Under saddle, post injections, I had some sort of dream fantasty that Gogo would be totally thrilled to be feeling better, and would trot off like a million bucks right from the get go, and all would be fabulous! Ah... no. Gogo has other ideas. Yes, she is feeling a TON better, but since she is now finding it easier to do things with her body, she has an entire army of new ways to evade me. When she DOES get going well, the work is brilliant, but we are back up to our 45 minute warmups because she just isn't keen on playing the game just yet. I have to take a step back for a few days, I think, and just go back to letting her warmup by crusing around and being relatively benign to her. When I start asking her for more than she thinks she's ready for too early on in the ride, she just doesn't play. She won't. I can't make her. But when I stay quiet and just let her be for a little while, she always comes around. Always. And just from seeing her in the mirrors as we pass, she is moving phenominally, flexing her hocks more than she has in a very long time. She feels fantastic. She's just... punky.

Very, very punky.

Tomorrow comes the true test: we are going XC schooling at Red Rock in Rhode Island. It has water, banks, and plenty of varied jumps. And at $25 a school, it also has the right price. Very excited!

Boy I love that wenchista. I do really enjoy when she has this snarky attitude. It's never nasty in any way - never any pinned ears or grumpiness - but it definitely has an air of better-than-thou snootiness to it. Directing this cheekiness into productivity is a very refined art, and it's not easy. I don't pretend to be successful at it day in and day out. There are days that I just can't figure out how to approach it. And there are days when it all comes together and really clicks.

It's something I realy live for, every day.

Monday, August 17, 2009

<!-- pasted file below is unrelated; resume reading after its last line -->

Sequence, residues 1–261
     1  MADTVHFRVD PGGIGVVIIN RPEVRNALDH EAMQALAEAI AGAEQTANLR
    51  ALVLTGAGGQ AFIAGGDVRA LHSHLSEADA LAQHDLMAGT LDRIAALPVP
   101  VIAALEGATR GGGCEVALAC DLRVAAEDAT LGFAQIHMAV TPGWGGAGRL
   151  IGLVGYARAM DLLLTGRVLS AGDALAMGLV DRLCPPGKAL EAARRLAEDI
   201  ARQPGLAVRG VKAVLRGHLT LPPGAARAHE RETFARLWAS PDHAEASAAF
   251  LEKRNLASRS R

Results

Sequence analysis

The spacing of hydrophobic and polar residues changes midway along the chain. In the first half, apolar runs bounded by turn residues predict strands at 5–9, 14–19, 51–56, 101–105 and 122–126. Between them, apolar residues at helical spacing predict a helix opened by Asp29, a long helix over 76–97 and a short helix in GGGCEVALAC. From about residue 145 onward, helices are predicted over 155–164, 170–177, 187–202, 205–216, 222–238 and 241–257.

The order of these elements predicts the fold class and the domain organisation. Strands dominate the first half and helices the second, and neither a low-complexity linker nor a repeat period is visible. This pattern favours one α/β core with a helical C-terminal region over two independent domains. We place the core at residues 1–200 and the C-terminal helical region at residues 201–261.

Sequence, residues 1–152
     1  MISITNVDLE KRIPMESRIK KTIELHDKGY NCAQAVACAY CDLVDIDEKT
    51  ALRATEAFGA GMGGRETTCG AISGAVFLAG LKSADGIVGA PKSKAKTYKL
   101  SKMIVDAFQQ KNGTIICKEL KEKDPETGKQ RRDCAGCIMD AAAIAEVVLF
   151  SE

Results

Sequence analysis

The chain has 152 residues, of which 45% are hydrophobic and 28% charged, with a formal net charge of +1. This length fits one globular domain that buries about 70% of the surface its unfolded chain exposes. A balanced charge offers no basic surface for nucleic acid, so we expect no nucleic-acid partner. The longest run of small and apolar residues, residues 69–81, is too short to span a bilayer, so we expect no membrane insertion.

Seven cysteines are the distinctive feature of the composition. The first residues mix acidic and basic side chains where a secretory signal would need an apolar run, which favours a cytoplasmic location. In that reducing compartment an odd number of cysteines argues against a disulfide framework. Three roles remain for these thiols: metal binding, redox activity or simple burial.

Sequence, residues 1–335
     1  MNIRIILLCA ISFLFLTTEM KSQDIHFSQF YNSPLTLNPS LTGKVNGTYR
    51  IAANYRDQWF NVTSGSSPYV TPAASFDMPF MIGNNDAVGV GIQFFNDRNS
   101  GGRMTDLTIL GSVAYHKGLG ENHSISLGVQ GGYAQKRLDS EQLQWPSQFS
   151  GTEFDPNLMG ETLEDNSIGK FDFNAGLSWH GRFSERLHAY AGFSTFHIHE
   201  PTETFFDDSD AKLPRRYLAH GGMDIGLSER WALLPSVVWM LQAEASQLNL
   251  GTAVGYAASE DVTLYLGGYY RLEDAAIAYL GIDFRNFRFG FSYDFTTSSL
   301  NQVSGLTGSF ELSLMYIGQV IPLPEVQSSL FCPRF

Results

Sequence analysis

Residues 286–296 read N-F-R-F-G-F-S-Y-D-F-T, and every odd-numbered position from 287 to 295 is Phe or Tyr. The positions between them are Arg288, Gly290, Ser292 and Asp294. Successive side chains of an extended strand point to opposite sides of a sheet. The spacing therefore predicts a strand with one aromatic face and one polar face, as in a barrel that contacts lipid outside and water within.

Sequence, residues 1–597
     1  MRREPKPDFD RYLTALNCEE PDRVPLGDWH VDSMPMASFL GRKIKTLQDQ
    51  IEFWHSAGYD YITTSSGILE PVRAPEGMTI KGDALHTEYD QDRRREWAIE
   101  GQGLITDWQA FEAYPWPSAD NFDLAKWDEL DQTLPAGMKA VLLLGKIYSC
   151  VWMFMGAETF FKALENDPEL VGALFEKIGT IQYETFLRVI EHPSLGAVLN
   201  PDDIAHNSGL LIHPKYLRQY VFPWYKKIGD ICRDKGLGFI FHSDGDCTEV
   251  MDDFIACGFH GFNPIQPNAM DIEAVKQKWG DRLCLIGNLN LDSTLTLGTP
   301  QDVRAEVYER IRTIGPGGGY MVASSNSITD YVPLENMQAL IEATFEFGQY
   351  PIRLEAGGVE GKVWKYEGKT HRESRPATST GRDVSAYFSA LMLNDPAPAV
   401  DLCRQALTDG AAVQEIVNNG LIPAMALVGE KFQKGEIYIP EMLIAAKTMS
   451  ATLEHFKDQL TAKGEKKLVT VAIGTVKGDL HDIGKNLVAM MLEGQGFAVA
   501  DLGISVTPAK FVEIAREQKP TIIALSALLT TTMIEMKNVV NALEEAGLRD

Today was one big giant WIN! It was as if karma went, well all right, you've done alllllll the things you needed to do to get yourselves back on track, here's all your good luck back now!

First, I want to know who exactly swapped Gogo out for a Ferrari overnight? I did expect her to feel better after her hock injections, but WOW, it's a WORLD of difference. It was noticeable from the get go - she was standing way more comfortably in the aisle while I was grooming and tacking, hardly resting that right hind (or the left) at all... she just stood there, four square, looking cheerful. She hasn't done that since she was 5 or 6. I got on her with the plan to lightly hack, but at the same time test the machinery and see exactly what we had. Right away, she marched off with a purpose, and we headed out to the orchard. After a nice walk, I picked up a trot, and WHOA! I didn't even realize how much she's been pulling herself along with her forehand as opposed to really pushing with her hindend, and today, she was PUSHING. It felt fabulous. I asked her to canter, and she sprang lightly into it, no moments of inversion or hesitations. She moved and turned with the slightest move on my part. She accelerated and decelerated smoothly. I moved to the driveway, most curious about that part - she has always felt different when posting on the left diagonal versus the right while traveling in a straight line on pavement, not lame per se, but different from when you post on the right diagonal. Now? Uniform, straight, and comfortable. I kept hacking up through the neighborhood, and asked her for a final test: walking down a hill. One of the things that led me to believe she did need her hocks done was her increasing aversion to traveling down hills. She was starting to shuffle, insist that we switchback instead of go straight, and slow dramatically. Today? She marched down that hill at top walking speed, in a perfectly straight line, marching with utmost comfort and confidence in herself. Wow.